Ambiguous Borderlands (the paradox of masochism)

By | April 20, 2007

I’m delighted to be bringing you this pair of posts as the latest in my regular series “The Journey”. Last month brought insight into Mistress160’s view of her relationship with her husband Solipsist. This month we gain an insight into Sol’s perspective.

Ambiguous Borderlands (the paradox of masochism) 

BY: Mistress 160 and Solipsist


Masochist: “Hurt me!!”
Sadist: “No!”

(Mistress160’s favourite SM joke)

My article “A D/s Life: Becoming” a few weeks ago explored how I became dominant , triggered by my husband Solipsist’s submissive and masochistic needs.  In “Ambiguous borderlands” Solipsist presents his own account of becoming aware of those needs.

True masochism, as Richard Evans Lee points out, is not an easy thing to live with : “many people seem to misunderstand masochism. I need the agony and misery. But that doesn’t mean that I enjoy it in the same way I enjoy good music, prose or a fine meal.  It is the ultimate oxymoronic experience: wanting it, hating it – at the same time”.

What does the term actually mean? Wikipedia states:

  • “Sadism is the sexual or social pleasure or gratification in the infliction of pain and suffering upon another person. [It’s] counterpart is masochism, the sexual pleasure or gratification of having pain or suffering inflicted upon the self, often consisting of sexual fantasies or urges for being beaten, humiliated, bound, tortured, or otherwise made to suffer, either as an enhancement to or a substitute for sexual pleasure. The name is derived from the name of the 19th century author Leopold von Sacher-Masoch, known for his novel Venus in Furs that dealt with highly masochistic themes…

    Havelock Ellis, in Studies in the Psychology of Sex, argued that there is no clear distinction between the aspects of sadism and masochism, and that they may be regarded as complementary emotional states. He also made the important point that sadomasochism is concerned only with pain in regard to sexual pleasure, and not in regard to cruelty, as Sigmund Freud had [earlier] suggested. In other words, the sadomasochist generally desires that the pain be inflicted or received in love, not in abuse, for the pleasure of either one or both participants.The term BDSM describes the quite common activities between consenting adults that contain sadistic and masochistic elements …. [a] masochist in consensual BDSM is someone who enjoys the experience of pain in a particular context and, usually, according to a certain scripted and mutually agreed upon “scene.” These “masochists” do not typically enjoy pain in other scenarios, such as accidental injury.”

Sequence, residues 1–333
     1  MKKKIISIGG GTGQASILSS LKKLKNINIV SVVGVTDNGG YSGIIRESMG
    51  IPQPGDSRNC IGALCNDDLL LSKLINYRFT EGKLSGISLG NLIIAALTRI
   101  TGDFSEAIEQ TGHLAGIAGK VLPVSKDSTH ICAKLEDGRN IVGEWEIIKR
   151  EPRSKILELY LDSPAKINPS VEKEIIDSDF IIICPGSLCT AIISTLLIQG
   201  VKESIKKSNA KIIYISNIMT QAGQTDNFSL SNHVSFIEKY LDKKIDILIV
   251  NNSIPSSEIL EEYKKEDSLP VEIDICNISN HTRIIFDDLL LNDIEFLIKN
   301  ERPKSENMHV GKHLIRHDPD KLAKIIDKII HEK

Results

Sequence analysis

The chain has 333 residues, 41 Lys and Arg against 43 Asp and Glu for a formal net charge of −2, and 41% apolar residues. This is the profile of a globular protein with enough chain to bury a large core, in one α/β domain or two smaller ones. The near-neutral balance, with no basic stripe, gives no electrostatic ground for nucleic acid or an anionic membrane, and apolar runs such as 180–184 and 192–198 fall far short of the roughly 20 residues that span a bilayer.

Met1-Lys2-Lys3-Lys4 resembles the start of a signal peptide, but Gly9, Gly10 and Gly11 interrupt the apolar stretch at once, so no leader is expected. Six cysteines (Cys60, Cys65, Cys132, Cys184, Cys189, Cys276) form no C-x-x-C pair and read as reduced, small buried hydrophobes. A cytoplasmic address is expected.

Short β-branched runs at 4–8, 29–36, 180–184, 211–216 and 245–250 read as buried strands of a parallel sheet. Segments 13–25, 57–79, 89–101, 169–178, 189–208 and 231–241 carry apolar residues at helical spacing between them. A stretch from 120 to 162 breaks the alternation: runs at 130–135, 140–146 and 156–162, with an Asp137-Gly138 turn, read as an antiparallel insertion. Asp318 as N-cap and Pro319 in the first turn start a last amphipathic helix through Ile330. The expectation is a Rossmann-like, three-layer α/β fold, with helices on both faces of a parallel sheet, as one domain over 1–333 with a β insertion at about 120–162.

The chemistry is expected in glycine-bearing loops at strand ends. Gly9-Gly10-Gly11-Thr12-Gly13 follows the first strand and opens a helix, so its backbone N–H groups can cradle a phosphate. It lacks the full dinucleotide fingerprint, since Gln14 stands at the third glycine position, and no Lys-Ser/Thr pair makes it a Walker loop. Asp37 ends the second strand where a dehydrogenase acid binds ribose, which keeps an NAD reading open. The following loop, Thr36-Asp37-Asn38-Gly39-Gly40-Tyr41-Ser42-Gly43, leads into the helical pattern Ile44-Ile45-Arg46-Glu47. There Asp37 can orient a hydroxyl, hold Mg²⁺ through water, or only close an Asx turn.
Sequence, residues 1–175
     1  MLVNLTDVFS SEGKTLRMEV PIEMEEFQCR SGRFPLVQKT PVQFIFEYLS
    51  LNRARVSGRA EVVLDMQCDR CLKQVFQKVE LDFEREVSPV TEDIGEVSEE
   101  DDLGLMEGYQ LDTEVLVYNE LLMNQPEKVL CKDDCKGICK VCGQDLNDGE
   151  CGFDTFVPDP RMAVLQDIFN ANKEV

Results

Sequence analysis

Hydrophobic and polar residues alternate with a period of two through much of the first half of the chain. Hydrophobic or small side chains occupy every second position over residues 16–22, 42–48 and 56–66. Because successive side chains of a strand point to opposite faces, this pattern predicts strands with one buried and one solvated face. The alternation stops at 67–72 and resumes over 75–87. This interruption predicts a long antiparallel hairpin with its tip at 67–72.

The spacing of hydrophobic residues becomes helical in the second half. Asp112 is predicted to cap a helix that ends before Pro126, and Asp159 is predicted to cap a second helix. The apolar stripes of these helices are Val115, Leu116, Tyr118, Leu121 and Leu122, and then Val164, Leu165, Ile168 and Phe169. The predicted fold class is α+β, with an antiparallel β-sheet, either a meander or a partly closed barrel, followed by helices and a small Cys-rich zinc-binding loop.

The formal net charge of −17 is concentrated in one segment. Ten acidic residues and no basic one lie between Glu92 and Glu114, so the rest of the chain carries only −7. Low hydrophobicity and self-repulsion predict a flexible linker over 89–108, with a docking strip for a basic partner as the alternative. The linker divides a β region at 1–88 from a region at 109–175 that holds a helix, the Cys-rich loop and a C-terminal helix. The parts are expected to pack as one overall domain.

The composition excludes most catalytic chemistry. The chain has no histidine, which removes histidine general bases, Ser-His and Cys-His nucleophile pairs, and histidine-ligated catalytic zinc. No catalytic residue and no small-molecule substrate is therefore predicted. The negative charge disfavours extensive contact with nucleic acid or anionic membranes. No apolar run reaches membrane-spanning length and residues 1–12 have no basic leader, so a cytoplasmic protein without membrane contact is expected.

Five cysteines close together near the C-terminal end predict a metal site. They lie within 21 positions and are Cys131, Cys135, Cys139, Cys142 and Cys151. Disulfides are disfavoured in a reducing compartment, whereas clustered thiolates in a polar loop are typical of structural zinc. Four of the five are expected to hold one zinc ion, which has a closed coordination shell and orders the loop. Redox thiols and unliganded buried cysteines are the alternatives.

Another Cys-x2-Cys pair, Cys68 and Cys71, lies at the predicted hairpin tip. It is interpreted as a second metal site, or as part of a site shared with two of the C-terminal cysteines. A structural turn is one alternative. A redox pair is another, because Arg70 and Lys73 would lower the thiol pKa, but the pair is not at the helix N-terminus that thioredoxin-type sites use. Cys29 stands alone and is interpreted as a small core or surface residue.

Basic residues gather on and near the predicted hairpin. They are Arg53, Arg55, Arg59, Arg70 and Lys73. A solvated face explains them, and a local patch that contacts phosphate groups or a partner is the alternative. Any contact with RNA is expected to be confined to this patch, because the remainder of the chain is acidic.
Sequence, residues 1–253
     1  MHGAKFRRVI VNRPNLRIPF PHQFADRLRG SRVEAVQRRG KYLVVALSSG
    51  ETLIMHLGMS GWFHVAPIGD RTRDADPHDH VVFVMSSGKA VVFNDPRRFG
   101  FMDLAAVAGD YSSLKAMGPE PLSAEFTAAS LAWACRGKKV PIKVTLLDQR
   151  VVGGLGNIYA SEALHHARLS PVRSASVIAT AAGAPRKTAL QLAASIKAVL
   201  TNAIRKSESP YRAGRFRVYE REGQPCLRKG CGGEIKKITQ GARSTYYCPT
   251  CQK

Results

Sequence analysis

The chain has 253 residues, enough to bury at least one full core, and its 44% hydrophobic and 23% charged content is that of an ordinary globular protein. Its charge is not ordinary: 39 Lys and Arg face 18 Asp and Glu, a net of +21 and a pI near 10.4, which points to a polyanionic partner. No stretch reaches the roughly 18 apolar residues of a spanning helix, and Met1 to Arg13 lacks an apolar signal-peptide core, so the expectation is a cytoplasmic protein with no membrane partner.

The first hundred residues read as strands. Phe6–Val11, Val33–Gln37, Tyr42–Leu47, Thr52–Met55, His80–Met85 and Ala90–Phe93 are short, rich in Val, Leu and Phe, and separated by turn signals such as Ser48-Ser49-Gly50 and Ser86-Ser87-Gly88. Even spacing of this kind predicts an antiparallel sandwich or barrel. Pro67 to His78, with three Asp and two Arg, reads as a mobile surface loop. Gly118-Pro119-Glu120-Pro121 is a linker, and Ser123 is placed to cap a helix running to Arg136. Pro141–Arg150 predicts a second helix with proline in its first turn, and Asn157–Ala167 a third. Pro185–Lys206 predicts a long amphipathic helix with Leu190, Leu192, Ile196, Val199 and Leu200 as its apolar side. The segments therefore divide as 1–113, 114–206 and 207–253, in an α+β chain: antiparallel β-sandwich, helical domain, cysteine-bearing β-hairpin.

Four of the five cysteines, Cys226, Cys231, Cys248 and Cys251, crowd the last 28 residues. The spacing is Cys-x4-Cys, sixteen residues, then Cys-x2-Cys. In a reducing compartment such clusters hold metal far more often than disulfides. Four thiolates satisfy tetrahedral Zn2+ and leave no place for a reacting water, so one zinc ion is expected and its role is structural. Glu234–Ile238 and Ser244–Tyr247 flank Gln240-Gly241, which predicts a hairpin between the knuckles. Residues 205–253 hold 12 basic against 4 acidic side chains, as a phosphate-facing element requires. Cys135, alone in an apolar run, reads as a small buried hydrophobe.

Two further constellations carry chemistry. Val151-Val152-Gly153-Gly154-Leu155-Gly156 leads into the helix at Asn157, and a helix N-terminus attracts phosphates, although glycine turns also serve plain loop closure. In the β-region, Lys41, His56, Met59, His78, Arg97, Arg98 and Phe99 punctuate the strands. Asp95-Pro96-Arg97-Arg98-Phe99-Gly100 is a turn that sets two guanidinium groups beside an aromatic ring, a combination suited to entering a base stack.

How does this impact on the individual in real life?  How does one discover one’s masochism, and come to express it?  Here Solipsist picks up his own story:

“I’ve always been kinky. In fact I was kinky long before sex ever came into the picture. I won’t dwell on this stage of my development too much because I know it can be a potential minefield. If at age 5 you have fantasies about being made to undress in front of a room full of people, is this a sexual fantasy ? What if by a couple of years later you have constructed a whole fantasy world that you use to entertain yourself for half an hour or so before going to sleep almost every night?  By the time I was seven, the fantasies included pretty girls that I used to admire from a distance at school, and were including serious pain.

“So you see I’ve always been a masochist.